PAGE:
Life’s abiding values and principles
Integrity is the core for me. My word is my bond. This is followed by respect, compassion, and self-discipline. I guess my omo teacher’s start in life has been the foundation of my life. I was born and raised in a Christian home and practised the religion until my mid-teens. So, my philosophy remains the fear of God is the beginning of wisdom. Treating your fellow man like yourself and helping those in need. I am also guided by the saying, if you fail to plan, you plan to fail.
I believe in giving of myself and my resources, especially to the less fortunate and anyone around me that needs help. I believe in the saying, “the hand that gives is always on top”. I also believe that our parents are our God on earth. So, I have always loved, respected, and treated my parents like my God, and the rewards are enormous. It’s one of the secrets of my success. I have always tried my best to make my parents comfortable from the moment I arrived in England at 23. I am not a practising Christian, but I believe that my parents’ prayers have been instrumental to my achievements. My advice to our young people is to try as much as possible to ensure that their parents are not deprived of anything. Ensure that they live comfortably, especially in their old age. If you have done that, consider your prayers answered.
Some advice for young Nigerians just arriving in the UK
The same rules of hard work and working smart still apply. Honesty and Integrity are essential ingredients of success. Invest in your relationships, and also invest in your personal development. Do not stay too long in any employee role. Learn all there is to learn in any work environment and move up. Get on the property ladder as early as possible.
I love football. I used to play a lot in my younger days but now I enjoy football on TV. I love attending parties, and I enjoy travelling. I also enjoy my own company. I am a good cook but my Olufunmilola is the best. We both love to cook/entertain when I’ve got time.
At 57, my plan is more about consolidation. Now I work three days a week and I get to spend more time with my family. I came to the UK at 23 and have always been gainfully employed. So, I have put a few things in place and now I just want to enjoy the fruits of my labour. No man is assured of tomorrow and so I’m going to travel more, socialise more, enjoy life, and put the kids on a sound footing so they can have a better start than I had as a JJC in London in 1988. I thank God for what I have achieved so far and thank him even more for making me content with my lot. I am not in competition with anyone and I never stress myself unduly so I’m pretty chilled about life. I have lost some close friends in the past year and that has put plans and life in perspective for me. My plans are good but I want to live every day like it’s my last.
Advice for the Nigerian Government
I’m not sure I’m well placed to advise any Nigerian Government. That’s because I’m not so optimistic about the future of Nigeria and it’s just so sad. I left Nigeria in 1988 because I could see into the future. After my OND in 1987, I got a placement at Nigeria Airports Authority for the mandatory one-year industrial attachment. They made it clear that I would not be paid. I had a car then and my parents gave me all I needed as a young chap. I turned down the offer because I thought if I couldn’t get paid for a one-year placement, what are the chances of getting full-time paid employment after graduation? By that time graduates could no longer afford to rent a flat or buy a car. Although I was very comfortable living with my parents then, I knew I wouldn’t live with them forever, and having tasted the good life around Ikeja – Toyin Street, Allen Avenue, and environs, I was not ready to settle for less after graduation.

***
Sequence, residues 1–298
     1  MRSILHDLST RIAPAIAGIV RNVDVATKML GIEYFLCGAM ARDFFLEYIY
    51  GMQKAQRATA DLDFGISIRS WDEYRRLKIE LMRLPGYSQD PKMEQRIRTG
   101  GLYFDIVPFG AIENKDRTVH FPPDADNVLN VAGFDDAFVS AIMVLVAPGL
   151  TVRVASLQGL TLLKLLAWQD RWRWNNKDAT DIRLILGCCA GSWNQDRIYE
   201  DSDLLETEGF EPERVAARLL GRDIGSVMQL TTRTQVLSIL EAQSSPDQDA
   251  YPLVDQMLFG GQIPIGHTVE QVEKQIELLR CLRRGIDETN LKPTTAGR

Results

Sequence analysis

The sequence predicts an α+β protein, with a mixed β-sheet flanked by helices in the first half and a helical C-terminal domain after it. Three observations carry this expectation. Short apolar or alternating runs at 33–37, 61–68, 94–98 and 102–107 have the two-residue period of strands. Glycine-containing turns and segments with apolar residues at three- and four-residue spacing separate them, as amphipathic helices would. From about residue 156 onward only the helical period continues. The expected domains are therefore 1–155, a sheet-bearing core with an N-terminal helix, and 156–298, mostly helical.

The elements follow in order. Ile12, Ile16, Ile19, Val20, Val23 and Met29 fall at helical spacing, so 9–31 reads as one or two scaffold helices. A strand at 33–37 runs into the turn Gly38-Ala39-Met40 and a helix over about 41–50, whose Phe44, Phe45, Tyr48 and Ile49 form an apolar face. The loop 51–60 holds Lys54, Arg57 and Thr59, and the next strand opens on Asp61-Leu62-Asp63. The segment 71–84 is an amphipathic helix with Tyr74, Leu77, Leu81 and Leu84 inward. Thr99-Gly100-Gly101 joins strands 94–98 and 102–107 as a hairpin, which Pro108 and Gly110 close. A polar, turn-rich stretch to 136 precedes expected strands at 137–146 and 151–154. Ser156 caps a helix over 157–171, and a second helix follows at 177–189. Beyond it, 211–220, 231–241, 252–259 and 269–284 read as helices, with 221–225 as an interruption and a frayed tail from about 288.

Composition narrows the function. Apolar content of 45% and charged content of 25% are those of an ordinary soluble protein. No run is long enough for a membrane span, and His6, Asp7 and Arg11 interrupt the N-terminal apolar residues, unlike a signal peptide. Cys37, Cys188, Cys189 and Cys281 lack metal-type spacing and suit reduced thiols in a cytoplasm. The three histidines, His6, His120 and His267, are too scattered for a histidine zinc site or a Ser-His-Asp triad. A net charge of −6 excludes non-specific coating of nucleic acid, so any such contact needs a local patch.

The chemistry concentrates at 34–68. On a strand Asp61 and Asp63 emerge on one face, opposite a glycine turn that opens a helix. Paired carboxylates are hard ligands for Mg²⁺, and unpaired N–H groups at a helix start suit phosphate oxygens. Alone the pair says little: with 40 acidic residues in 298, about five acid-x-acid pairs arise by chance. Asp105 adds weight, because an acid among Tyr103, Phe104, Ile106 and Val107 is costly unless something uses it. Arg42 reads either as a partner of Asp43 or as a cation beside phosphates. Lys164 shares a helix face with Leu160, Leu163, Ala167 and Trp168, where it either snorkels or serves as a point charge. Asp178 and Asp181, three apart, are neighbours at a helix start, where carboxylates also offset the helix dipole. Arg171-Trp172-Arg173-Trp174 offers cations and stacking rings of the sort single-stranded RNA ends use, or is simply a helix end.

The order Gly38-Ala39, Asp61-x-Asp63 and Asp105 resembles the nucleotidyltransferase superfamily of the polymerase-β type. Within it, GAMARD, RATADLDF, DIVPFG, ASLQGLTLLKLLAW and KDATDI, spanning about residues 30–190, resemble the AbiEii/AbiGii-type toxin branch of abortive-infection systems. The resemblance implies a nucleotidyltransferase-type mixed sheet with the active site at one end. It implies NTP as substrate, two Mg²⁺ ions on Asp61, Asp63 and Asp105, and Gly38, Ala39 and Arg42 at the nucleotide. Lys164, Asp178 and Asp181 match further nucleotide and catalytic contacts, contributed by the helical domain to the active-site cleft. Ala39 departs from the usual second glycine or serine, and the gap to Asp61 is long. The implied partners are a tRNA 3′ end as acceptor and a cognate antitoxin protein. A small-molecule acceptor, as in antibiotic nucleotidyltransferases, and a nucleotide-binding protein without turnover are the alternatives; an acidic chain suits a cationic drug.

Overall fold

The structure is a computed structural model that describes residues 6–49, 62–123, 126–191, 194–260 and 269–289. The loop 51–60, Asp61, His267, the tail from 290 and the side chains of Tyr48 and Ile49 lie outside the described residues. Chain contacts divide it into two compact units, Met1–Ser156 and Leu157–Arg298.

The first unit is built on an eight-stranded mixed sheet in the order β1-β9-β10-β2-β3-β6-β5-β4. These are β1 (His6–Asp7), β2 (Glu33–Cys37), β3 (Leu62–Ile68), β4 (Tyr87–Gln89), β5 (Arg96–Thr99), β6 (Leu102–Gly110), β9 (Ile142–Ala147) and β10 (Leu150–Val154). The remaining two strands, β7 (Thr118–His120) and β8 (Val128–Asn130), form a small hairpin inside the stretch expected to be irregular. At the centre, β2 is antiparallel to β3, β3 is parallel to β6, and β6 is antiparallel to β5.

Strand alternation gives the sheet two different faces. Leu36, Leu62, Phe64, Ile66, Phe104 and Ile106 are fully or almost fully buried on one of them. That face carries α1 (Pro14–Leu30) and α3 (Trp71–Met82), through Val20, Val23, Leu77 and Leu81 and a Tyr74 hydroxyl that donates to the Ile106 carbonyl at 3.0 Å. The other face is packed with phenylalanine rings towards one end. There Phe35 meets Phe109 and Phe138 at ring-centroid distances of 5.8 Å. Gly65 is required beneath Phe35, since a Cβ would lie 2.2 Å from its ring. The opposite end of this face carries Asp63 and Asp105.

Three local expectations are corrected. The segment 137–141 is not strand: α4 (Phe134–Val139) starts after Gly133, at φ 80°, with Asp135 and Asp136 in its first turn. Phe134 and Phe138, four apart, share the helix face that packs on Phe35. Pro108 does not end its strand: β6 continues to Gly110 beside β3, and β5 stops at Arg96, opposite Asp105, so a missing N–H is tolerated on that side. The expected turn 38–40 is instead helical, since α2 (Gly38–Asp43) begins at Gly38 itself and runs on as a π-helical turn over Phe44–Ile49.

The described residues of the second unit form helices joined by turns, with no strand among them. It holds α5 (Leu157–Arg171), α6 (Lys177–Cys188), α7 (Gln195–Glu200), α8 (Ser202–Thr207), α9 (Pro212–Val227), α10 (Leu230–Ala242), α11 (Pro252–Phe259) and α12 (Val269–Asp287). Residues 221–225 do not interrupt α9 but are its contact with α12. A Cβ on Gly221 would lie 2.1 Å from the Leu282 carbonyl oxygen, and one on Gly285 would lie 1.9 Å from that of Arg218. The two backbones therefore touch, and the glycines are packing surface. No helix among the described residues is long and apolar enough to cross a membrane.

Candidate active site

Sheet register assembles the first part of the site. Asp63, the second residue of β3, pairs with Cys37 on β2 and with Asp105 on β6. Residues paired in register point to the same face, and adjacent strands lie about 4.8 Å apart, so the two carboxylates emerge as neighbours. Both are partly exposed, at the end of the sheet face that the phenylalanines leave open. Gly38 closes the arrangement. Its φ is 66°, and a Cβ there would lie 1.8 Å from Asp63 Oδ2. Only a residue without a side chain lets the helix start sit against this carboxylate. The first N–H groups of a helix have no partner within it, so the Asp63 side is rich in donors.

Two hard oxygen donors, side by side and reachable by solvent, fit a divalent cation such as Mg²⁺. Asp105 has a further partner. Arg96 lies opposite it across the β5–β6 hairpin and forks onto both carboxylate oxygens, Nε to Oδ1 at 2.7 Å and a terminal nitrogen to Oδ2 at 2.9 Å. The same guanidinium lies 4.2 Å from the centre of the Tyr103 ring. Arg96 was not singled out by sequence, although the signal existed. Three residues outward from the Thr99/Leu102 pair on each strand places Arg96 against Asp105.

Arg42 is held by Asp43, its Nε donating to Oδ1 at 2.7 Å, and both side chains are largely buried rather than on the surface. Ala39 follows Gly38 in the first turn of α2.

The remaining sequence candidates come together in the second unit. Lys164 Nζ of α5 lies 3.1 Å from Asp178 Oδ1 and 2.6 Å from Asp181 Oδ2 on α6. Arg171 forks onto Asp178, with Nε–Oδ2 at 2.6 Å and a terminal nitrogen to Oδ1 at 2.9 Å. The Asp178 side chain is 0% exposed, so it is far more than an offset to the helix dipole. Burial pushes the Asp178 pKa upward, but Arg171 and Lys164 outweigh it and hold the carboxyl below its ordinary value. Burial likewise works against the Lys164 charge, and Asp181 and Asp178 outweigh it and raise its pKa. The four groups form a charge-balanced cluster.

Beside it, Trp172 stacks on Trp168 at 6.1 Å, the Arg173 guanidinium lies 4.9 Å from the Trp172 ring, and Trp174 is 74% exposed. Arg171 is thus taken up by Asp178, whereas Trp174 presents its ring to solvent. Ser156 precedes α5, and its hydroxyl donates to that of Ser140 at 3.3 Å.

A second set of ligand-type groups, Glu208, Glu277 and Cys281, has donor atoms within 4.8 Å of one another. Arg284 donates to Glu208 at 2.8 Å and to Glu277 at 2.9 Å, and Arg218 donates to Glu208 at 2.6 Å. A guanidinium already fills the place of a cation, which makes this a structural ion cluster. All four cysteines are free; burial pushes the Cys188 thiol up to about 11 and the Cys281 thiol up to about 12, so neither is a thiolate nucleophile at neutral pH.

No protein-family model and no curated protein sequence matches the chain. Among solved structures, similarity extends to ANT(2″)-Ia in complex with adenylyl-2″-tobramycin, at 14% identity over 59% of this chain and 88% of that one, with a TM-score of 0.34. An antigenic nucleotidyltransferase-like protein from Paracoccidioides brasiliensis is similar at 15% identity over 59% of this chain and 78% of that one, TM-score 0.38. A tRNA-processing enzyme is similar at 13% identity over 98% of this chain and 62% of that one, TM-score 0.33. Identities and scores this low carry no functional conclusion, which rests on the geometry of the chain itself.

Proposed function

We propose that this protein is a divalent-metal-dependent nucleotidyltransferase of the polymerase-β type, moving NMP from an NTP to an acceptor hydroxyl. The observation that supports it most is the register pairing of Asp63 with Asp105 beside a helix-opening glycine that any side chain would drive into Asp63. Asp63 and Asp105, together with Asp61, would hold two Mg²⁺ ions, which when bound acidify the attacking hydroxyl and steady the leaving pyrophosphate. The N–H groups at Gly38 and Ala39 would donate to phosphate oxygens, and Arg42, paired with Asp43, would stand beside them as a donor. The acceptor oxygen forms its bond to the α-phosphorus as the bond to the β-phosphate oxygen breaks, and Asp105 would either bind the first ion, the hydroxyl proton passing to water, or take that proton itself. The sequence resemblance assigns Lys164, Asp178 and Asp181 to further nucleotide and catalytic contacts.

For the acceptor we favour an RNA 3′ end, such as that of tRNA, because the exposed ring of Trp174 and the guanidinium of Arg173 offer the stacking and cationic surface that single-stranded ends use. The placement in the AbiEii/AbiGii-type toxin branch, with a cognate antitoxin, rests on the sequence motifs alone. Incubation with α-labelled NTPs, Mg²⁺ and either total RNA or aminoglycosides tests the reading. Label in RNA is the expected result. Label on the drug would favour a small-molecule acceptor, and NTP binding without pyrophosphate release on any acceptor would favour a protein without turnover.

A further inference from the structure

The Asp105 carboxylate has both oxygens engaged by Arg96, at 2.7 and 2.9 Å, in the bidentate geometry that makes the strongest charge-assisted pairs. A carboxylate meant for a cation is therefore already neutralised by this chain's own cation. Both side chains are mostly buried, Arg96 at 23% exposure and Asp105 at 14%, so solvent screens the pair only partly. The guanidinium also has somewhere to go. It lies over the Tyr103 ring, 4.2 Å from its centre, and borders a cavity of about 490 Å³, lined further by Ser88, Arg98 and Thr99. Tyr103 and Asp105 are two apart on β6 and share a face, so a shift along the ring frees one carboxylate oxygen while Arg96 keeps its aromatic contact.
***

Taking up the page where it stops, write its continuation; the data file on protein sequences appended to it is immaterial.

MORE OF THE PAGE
I decided to leave Nigeria as I couldn’t see a future for myself in the country. I also made sure my siblings moved abroad within a few years of my settling down in London. It’s the best move I ever made. I’ve been in the UK for 34 years and we’ve been praying for a better Nigeria since. Bad leadership, greed, and our deranged value system are some of the problems of Nigeria. Leadership in Nigeria is not based on merit or pedigree, so you have the worst among us occupying leadership positions. Such people are not likely to entrench meritocracy because it’s not in their interest. And now, the presidency and other positions are being offered to the highest bidders. Nigerians believe in prayers, anyway, so let’s continue to pray for a better Nigeria.
Marriage and family life
I am one of the lucky guys that got married to their first love. I met my wife Olufunmilola Ademujimi, née Daramola, in the summer of 1980. We were both teenagers. She came to visit my immediate sister, Bose who was her senior at Fiwasaiye Girls Grammar School, Akure. I knew she was the one for me the moment I saw her. She was only 13 and I was 15 at the time but she had the qualities I wanted in my future wife. She was super calm, beautiful, respectful, fair-skinned, and from a good home, the first child of Mrs. Esther & Chief S.O. Daramola.The Olotu of Idoani. We didn’t see much of each other because of our educational pursuits at the time but we exchanged love letters and that was it in those days. She left for the UK in 1987 and I thought that was the end of our love story as I don’t believe in love across the sea.
As fate would have it, I arrived in England the following year and immediately started to hunt for her. We found each other again and this time I was ready to show her I’m for real. We got back together in 1990 and had our traditional marriage ceremony in Nigeria in December 1990. We got married at the Croydon Registry, the UK in 1991. He who finds a wife finds a good thing. I found an angel in Olufunmilola, and so I consider myself blessed and highly favoured by the Almighty. Olufunmilola has been at the heart of my achievements. A man can only be successful if the home front is peaceful and loving. We are blessed with three lovely kids who are now young adults.